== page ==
6 kitchen scraps to throw in your garden


Compost is a highly beneficial soil amendment that enhances soil structure and health by introducing organic matter. While creating compost can take anywhere from one month to over a year, there are options for those with limited space or time. Some kitchen scraps can be used directly in the garden with minimal preparation.

Why use kitchen scraps in the garden? 

In 2019, the EPA estimated that 66 million tons of food waste were generated in the food retail, food service, and residential sectors, with about 60 percent of this waste ending up in landfills. While home kitchen scraps may only account for a portion of this waste, reusing these scraps in sustainable gardening is an effective way to reduce waste and improve garden health. By repurposing common kitchen leftovers such as eggshells, coffee grounds, banana peels, and orange peels, gardeners can enrich their soil with nutrients and promote the growth of vigorous, healthy plants, all while being environmentally conscious.

1. Eggshells

ground up eggshells in a hand over dirt
Ground-up eggshells are good for plants and birds.
Image: Debbie Wolfe/Popular Science
ground up eggshells at the base of a plant
Put eggshells at the base of your plants to protect from slugs and snails.
Image: Debbie Wolfe/Popular Science

Eggshells, often discarded as waste, have multiple benefits for both gardens and bird care. As an avian dietary supplement, finely crushed and sterilized eggshells can be a vital source of calcium for birds, especially during their nesting season. To render eggshells safe and pathogen-free, they should be rinsed and baked at 250° F for 10 minutes before being added to bird feeders. This offers crucial nutrients to seed-eating birds. Additionally, crushed eggshells can serve as an effective pest deterrent; laying a barrier around plants can help prevent damage from slugs and snails. For more severe infestations, combining them with diatomaceous earth may provide enhanced protection.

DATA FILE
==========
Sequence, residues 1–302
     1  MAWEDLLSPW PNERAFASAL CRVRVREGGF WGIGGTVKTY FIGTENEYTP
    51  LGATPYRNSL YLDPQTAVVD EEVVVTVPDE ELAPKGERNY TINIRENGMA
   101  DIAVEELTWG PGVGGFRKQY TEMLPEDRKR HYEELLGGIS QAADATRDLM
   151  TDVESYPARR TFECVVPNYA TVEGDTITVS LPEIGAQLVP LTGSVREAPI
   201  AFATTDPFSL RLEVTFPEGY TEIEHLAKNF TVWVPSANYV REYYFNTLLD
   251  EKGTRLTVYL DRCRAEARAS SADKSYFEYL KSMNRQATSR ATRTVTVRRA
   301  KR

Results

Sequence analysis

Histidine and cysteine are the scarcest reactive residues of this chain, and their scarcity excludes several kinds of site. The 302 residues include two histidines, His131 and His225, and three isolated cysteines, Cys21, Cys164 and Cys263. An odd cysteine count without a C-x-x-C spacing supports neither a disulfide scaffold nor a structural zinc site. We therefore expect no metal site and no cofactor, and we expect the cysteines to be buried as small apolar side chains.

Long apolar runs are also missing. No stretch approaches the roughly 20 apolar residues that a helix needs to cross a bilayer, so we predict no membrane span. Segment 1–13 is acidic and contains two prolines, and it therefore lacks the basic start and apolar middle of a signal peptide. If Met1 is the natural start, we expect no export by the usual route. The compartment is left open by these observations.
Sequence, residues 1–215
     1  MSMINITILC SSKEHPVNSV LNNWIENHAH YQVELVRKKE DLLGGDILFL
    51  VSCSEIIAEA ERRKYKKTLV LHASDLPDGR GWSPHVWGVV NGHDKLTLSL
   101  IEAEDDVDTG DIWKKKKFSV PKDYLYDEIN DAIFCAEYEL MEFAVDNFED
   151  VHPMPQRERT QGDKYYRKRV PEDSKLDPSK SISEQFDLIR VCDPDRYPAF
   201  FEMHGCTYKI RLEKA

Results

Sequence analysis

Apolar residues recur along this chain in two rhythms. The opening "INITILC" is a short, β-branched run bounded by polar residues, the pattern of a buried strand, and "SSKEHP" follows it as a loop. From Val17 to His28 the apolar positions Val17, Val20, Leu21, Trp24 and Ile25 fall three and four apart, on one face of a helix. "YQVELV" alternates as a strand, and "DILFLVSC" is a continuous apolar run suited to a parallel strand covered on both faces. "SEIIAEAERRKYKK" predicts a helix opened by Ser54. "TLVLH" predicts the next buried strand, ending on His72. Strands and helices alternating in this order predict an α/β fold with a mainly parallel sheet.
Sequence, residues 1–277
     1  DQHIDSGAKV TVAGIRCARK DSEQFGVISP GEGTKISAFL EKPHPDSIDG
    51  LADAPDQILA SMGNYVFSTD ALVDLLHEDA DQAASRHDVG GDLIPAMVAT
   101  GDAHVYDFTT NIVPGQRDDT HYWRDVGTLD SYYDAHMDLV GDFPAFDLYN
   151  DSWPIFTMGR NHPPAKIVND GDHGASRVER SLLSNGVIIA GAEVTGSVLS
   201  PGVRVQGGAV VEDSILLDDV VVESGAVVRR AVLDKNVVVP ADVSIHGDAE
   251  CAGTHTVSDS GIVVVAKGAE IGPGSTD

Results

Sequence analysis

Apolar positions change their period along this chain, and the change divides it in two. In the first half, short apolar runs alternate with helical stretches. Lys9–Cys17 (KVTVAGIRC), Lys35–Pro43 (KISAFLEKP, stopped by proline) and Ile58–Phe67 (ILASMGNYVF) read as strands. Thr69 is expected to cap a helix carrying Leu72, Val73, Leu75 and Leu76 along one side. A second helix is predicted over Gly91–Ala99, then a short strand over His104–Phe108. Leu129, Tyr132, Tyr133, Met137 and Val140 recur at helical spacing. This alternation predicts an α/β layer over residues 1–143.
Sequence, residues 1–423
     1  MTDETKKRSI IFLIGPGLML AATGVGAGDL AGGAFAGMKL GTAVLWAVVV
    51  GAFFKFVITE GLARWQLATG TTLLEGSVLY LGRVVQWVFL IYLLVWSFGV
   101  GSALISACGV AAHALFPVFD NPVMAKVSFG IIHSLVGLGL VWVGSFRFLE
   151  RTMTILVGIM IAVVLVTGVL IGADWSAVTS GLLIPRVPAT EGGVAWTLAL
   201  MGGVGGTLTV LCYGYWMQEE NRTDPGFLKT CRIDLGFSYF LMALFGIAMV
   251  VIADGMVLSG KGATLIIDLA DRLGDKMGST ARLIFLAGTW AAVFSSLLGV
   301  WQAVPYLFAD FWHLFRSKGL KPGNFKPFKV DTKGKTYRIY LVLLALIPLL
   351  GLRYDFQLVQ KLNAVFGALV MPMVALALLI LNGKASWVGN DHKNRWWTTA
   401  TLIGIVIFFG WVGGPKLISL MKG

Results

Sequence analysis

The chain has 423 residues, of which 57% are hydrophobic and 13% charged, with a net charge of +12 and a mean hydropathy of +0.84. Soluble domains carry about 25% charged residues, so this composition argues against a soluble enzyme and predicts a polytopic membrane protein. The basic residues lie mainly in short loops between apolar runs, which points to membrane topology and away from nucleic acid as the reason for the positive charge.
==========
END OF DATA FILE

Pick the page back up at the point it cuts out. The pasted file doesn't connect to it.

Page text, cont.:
Contrary to some beliefs, eggshells in the garden do not  prevent blossom-end rot in tomatoes  and other sensitive plants, but they do contribute positively to soil health. Adding crushed or ground eggshells to the soil improves its texture and gradually introduces slow-release calcium. Although they may not stop certain plant diseases, their use as a soil amendment is beneficial for general garden upkeep, enhancing the overall mineral content and structure of the soil.

2. Coffee grounds

coffee grounds on a metal shovel near a plant
Coffee grounds in your garden won’t caffeine buzz your precious plants. Image: Debbie Wolfe/Popular Science

Coffee grounds, often regarded as mere waste, are actually a boon for eco-friendly practices, serving multiple roles in garden care. As a mild, organic fertilizer, coffee grounds contain essential minerals such as nitrogen, potassium, and phosphorus, which enhance soil fertility and support plant health, albeit not as a standalone treatment. Their use should be balanced with other fertilizing methods to ensure long-term soil health. 

Additionally, coffee grounds act as a potent soil conditioner. When integrated into the upper layers of garden soil, they enrich the soil with nitrogen, thereby improving its structure and increasing the soil’s ability to retain water and air, promoting healthier plant growth.